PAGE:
Healing for the Broken Hearted

By on March 1, 2015
healing for the broken hearted

“I just need some time to figure out my life,” he told me after I showed up unannounced at his house. When he previously texted twice that he was “lonely,” I thought for sure that we would talk it over, and things would be fine. But I couldn’t have been more wrong. Or more devastatingly traumatized.

We had been seeing each other for almost eight years, after a break from college, and after marrying the wrong people. Our beautiful, joyful, loving, passionate reunion began with a simple note to me, in which he signed, “Always.’’ He had me. I readily agreed to meet him for lunch in a quiet park, where we shared our stories of failed marriages, wonderful children, and our professions. From that unforgettable summer day on, we were each other’s best friends. We were open and communicated our feelings, wants, needs, dreams, and goals. We saw each other as much as possible. Every day and evening that we shared was magical, comfortable, and fun. We were still in love, and nothing would separate us again. We went on trips, exploring the woods, the water, parks, restaurants, towns, and cities. We sent each other cute love cards and notes. We shared our secrets, and called each other, and texted special messages numerous times throughout the work days and nights.

But then, without notice, he started sending shorter texts. He stopped calling. He was vague when I called him, and he wouldn’t respond to my emails. I wanted to see him, to hold him, to tell him I loved him and that it’s ok, I would always be there for him, and we would plan our life to live together, forever. We would be happy and in love and enjoy each other “Always.” When he stopped responding, I went to see him.

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He wouldn’t tell me the truth that day, or any day leading up to it. But then he slipped and said again, “I just need to figure out my life. I need to think about what I want, and who – ” Boom! I instantly felt sickened and stunned. The image of his backpack, containing a change of clothes, flashed to my mind, as I had seen it in his car upon entering his house. I knew. “Please tell me you are not seeing someone else,” I begged. He glanced at me, without a care, said nothing, and looked at the floor. Silence. There was no sign of remorse. No apology. Nothing. He was calm, certain, almost proud of himself.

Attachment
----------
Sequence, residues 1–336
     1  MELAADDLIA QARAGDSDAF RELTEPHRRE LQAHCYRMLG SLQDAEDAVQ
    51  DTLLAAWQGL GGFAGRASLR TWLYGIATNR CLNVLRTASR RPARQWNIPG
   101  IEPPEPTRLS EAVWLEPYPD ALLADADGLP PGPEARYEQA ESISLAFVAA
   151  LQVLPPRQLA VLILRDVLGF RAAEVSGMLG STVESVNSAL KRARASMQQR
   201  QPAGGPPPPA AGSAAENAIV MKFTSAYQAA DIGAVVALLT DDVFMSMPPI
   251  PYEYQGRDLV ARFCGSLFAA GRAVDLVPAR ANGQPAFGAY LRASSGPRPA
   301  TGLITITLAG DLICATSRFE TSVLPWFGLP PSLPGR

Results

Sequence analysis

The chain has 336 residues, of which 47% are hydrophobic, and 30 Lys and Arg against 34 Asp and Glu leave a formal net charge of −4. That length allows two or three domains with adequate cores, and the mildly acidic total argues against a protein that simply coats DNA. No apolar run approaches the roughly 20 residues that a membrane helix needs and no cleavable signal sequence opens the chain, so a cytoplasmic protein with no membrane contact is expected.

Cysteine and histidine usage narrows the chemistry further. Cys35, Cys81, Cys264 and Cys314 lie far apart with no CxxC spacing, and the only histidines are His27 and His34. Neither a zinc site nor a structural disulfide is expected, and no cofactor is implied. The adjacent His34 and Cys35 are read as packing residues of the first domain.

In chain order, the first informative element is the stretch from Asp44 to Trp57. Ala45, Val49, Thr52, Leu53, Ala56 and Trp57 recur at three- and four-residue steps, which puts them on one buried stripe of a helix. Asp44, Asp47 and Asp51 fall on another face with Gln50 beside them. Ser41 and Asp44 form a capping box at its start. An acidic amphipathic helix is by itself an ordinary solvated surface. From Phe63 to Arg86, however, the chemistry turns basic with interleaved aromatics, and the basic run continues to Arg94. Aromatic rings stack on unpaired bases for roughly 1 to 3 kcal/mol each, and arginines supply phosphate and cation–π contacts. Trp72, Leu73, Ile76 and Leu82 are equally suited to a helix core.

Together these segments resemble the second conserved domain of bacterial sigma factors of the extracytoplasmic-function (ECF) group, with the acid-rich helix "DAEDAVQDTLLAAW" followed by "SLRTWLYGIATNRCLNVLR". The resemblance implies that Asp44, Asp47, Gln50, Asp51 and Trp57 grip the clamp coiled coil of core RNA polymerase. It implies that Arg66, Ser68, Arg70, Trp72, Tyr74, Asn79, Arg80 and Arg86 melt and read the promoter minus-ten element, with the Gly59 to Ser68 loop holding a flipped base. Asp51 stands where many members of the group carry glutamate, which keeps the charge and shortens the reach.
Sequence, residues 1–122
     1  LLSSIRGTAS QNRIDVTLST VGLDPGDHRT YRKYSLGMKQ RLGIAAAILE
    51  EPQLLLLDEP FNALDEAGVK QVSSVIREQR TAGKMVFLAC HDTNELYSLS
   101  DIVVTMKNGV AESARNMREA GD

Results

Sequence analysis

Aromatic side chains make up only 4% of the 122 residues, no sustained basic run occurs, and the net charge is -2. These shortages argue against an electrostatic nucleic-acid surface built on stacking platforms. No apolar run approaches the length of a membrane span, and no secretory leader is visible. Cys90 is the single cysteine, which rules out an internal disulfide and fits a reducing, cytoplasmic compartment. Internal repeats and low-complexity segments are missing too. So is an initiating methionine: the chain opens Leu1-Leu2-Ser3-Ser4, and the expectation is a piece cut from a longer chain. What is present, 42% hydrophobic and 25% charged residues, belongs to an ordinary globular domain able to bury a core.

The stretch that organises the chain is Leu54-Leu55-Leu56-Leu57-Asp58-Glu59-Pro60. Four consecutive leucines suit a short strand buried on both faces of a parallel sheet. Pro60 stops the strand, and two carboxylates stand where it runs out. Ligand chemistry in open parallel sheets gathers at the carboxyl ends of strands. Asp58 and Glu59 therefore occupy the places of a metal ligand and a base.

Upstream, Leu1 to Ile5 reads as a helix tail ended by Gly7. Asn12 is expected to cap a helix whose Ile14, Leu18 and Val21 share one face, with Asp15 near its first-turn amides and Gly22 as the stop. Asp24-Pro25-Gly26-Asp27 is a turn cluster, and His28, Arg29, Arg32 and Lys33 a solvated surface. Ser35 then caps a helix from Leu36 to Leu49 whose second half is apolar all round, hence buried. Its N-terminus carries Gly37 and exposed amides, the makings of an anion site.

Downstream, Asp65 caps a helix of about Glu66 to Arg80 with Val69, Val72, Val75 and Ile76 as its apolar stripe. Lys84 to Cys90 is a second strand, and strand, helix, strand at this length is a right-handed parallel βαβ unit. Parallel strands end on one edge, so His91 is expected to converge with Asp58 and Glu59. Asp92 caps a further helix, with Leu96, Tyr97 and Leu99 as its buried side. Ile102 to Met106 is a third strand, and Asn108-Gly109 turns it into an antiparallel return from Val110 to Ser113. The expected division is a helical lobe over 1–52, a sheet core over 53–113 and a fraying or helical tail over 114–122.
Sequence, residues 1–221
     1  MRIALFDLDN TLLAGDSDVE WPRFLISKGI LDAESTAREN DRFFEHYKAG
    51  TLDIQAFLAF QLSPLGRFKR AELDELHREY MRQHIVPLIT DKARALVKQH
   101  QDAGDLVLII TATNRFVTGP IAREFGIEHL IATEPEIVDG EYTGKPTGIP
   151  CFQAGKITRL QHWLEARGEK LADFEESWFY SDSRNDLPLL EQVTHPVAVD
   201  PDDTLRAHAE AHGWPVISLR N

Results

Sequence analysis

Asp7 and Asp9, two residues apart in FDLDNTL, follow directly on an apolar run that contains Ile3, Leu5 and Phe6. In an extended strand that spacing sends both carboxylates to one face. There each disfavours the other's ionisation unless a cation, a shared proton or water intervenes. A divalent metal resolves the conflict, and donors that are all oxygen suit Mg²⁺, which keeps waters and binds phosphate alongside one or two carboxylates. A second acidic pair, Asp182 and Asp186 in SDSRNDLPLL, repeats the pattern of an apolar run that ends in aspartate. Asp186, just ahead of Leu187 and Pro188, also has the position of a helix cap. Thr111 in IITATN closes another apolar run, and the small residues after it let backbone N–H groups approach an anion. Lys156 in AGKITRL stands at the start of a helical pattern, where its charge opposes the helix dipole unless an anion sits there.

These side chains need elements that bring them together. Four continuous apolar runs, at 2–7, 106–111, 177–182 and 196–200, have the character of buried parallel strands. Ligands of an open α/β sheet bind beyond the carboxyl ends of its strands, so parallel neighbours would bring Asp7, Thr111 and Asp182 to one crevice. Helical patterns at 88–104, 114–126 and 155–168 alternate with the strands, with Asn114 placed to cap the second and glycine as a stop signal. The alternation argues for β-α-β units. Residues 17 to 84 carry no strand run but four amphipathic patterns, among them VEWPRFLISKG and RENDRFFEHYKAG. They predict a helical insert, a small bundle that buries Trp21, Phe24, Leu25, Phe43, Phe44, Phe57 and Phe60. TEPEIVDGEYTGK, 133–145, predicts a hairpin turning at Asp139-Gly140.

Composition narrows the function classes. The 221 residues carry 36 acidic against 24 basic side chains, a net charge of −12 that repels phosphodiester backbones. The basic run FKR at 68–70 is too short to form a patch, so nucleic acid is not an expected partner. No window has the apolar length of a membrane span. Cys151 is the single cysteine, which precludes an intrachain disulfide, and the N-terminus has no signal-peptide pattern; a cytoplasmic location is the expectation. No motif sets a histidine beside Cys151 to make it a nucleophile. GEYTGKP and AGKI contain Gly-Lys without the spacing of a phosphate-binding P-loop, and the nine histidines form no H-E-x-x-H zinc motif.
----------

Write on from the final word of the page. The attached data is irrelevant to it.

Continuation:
My man, the love of my life, my soul mate, my one and only, my heart, my high school sweetheart, my best friend, my lover, my world, standing there, waiting for me to leave his house, leave his life. As he so quickly, easily, and callously ripped out my heart, I suddenly couldn’t breathe, couldn’t hear, and couldn’t stand. “I think I’m going to faint,” I whispered, as my knees buckled down to the floor. As a nurse, I knew this reaction was vasovagal syncope, or fainting, from horrific news. My lungs weren’t working, my ears were buzzing, my heart was racing, and my mind was saying no, no, please, no. Still, he stood with no reaction. I was ashamed. Somehow, I must have failed him, and here he was looking at me with disgust. I was embarrassed. I couldn’t breathe. I couldn’t stand it. He had chosen someone else, he was sleeping with her, and I never even knew. I needed air. I needed him. I loved him. Always.

Almost unfathomably, when I left his house that day, I saw his new girlfriend arriving. He stood tall in the doorway, smiling at her.

I might not ever fully recover from the emotional trauma and the overwhelming anguish from his actions, but I have used coping techniques that continue to help me every day. Here’s what I recommend:

  • Acknowledge your pain to yourself. By doing so, it will actually aid in your survival. If you suppress your pain, you could be more likely to turn to alcohol abuse and addiction.
  • Cry. Emotional tears from grief remove toxins that build up due to stress, and move you toward healing.